Four Things Every Real Estate Professional Should Know About Environmental Insurance

Real Estate & Construction Advisor & Alert

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PUBLISHED ON: October 1, 2003

These days almost any property carries with it the possibility of environmental contamination. Even “virgin” agricultural land may be contaminated by pesticides, herbicides, animal waste or that forgotten underground storage tank Farmer Brown used to gas up his tractor. Even if there are no pollution sources on-site, contaminants can migrate from almost anywhere—mold spores and groundwater know no boundaries. Historic liability insurance policies may still have tremendous value in addressing environmental problems. However, even insurance companies that in the past may have reflexively denied any sort of “environmental” claims now offer a variety of products that can address these environmental concerns and facilitate all types of real estate transactions.

Facilitating Deals

Purchasing any one of a number of new environmental insurance products can minimize the need for elaborate indemnity agreements between a buyer and a seller. At properties where potential environmental risks are considered minimal, certain types of insurance are being used in place of traditional Phase I Assessments. Bringing environmental insurance into the equation can provide all parties to a transaction, including lenders, the level of comfort they need to get the deal done and in real time at the speed with which most businesses would like to operate.

Capping Cleanup Costs

When contemplating the reuse of contaminated land, i.e., turning Brownfields into green fields, insurance can be purchased to cap projected clean-up costs or cover the costs of the entire investigation and remediation. So-called Cleanup Cost Cap and Finite Risk insurance policies can be used to provide an element of certainty to stakeholders when cleanup is necessary. A general rule of thumb is that the projected cleanup costs total approximately $2 million or more or there has to be some other significant sticking point on the part of at least one of the parties to make the purchase of these products worthwhile. The underwriting process may also take more time than expected and uncover new problems. Local, state and federal Brownfield initiatives, including tax breaks and accelerated approval by environmental regulators, however, make reuse of land—even industrial property— increasingly attractive.

Toxic Mold

Most insurance policies sold today attempt to exclude liability for mold contamination. Anywhere there is water, there may be mold. This means that when a tree falls on your house in a storm, residual water can cause significant expense if not promptly addressed. In addition to purchasing a tarpaulin and a dehumidifier, mold coverage can be “added back” by endorsement to address this issue before a loss is sustained. Of course, less coverage should mean lower premiums. Insurance companies and insurance professionals should inform you of any changes in coverage and your options for dealing with them.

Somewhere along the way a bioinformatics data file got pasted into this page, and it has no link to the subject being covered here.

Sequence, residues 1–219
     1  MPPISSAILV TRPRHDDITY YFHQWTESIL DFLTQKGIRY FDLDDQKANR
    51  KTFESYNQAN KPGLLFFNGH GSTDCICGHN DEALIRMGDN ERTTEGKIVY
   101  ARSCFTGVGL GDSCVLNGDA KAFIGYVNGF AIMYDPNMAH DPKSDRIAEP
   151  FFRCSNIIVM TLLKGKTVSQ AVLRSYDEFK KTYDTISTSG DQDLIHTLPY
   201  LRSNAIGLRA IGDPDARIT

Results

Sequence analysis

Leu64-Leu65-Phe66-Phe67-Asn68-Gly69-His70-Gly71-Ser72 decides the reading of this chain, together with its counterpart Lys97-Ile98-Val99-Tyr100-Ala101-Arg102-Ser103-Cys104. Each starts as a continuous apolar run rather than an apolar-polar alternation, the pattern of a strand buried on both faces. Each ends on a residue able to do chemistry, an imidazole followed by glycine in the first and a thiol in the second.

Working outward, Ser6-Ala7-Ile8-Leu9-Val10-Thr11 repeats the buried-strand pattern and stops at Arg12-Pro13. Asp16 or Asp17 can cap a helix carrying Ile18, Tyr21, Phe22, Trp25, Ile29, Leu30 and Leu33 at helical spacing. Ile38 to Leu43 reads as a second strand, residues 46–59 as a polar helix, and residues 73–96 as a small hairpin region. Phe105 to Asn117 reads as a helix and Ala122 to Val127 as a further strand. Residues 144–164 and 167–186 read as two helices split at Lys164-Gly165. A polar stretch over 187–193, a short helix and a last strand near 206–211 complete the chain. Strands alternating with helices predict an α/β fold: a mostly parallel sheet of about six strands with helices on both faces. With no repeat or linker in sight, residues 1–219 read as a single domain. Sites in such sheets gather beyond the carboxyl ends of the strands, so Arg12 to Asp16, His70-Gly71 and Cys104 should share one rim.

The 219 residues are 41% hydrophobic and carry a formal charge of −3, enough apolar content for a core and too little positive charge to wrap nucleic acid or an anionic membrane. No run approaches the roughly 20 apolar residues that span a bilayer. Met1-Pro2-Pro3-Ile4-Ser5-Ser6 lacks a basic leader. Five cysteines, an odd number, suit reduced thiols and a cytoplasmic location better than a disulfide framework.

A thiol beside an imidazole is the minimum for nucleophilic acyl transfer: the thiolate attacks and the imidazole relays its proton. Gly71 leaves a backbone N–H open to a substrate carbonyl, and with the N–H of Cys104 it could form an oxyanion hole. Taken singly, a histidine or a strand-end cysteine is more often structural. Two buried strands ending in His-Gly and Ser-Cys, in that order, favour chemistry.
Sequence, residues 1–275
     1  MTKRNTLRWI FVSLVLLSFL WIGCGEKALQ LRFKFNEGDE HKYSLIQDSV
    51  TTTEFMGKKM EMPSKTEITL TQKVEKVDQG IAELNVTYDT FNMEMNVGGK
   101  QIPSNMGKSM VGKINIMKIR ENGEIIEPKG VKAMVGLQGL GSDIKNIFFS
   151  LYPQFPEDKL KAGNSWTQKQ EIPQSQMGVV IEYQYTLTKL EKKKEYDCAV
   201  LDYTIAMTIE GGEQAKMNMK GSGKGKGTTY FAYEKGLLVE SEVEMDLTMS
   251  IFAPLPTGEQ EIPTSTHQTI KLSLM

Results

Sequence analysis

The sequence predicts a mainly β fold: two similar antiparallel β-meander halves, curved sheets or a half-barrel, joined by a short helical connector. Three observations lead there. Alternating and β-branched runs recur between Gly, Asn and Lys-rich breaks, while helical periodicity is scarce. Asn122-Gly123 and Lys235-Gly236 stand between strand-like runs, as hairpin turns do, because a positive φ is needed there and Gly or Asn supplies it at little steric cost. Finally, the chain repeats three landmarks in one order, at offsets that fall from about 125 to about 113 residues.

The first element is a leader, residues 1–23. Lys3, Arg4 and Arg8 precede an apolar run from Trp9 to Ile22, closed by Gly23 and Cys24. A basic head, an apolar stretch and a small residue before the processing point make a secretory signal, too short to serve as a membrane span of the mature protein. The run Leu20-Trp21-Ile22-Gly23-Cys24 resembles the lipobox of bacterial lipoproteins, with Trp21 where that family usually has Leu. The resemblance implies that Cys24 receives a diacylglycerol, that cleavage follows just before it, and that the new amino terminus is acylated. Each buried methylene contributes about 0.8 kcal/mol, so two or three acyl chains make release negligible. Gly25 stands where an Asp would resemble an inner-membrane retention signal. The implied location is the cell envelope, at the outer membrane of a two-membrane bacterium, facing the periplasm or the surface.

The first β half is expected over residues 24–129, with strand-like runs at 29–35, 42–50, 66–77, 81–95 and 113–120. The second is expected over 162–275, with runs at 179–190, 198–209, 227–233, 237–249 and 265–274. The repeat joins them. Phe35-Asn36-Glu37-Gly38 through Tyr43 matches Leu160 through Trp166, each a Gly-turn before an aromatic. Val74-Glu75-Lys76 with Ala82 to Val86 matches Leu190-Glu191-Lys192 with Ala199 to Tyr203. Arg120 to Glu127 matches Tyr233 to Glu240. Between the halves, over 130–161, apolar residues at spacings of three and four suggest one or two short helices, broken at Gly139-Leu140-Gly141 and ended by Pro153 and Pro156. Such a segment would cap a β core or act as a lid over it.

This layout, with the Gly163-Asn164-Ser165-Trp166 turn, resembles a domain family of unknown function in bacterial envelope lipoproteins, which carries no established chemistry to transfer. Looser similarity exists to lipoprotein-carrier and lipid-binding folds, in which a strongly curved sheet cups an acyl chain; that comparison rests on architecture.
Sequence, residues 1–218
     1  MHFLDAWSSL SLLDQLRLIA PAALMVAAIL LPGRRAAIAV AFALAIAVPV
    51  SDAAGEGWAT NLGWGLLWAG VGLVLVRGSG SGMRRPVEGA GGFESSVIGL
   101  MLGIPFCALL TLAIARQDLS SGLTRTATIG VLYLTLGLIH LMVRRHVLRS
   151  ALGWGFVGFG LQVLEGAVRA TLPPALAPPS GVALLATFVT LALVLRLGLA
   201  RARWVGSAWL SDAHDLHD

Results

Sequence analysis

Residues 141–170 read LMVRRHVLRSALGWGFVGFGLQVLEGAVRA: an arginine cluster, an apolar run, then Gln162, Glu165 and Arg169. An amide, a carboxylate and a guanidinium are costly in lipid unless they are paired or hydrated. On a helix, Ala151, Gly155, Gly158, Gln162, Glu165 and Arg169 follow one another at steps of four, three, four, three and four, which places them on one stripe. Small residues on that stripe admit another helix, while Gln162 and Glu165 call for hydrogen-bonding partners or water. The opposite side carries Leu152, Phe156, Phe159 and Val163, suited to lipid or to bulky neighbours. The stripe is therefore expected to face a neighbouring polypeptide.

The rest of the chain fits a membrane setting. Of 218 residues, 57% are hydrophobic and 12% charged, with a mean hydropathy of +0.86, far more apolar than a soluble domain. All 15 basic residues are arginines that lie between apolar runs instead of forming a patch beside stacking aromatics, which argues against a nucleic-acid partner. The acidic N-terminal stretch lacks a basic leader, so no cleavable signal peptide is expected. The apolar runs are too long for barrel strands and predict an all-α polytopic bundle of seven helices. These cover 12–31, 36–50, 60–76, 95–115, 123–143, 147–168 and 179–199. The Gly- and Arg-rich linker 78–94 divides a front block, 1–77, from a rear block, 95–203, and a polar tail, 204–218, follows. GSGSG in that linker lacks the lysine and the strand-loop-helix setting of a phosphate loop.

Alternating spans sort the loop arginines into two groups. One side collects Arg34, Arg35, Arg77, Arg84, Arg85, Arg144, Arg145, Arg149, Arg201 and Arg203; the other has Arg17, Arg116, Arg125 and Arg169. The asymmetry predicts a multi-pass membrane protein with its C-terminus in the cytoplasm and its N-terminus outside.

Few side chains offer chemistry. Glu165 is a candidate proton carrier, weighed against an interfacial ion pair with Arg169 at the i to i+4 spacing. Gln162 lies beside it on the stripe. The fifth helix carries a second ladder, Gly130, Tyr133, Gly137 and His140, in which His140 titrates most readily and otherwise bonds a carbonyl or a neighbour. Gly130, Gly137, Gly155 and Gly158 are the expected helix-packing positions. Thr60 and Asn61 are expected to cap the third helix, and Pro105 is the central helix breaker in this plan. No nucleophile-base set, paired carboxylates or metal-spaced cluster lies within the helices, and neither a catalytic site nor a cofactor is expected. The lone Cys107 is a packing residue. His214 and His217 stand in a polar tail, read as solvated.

Old Liability Insurance Can Fund Redevelopment

Historic Comprehensive General Liability (“CGL”) insurance can respond to today’s environmental liabilities. Prior to approximately 1985, liability insurance routinely provided coverage for an “occurrence” taking place during the policy period. If activities giving rise to pollution occurred during the insurance policy period, the policy is designed to respond today to address any remaining historic damage to property that may have taken place decades ago.

Certain exclusions periodically have been introduced by the insurance industry purporting to exclude coverage for environmental liability. Pre-1973 liability insurance typically is free of these exclusions, but, as with all purported exclusions, whether and how they apply is often a very complex question involving industry intent, contract interpretation, the facts on the ground and state law. The bottom line: when an insurance company cites an exclusion to avoid coverage, never simply take their word for it.

Another issue with historic coverage involves locating the insurance policies and determining what entity or entities is or are covered. “Missing” policies can be found in insurance company files or established based on secondary evidence from accounting, government or insurance broker records, etc. Moreover, changes in corporate structure or nomenclature can be addressed through proper research. Insurance is designed to cover liabilities. Insurance companies should not be able to avoid their coverage obligations merely because of corporate name changes or mergers and acquisitions. Even the most tenuous claims may have some value as insurance companies may be willing to “buy-back” old coverage merely to take potential liabilities off the books for good. Of course, old insurance may have value over and above simply addressing environmental liabilities and partial “buy-backs” may be a better option than simply selling back all potential coverage. So pull those records back from storage and call your retired broker in Florida—old insurance policies can be worth more than their weight in gold. After all, you paid for them.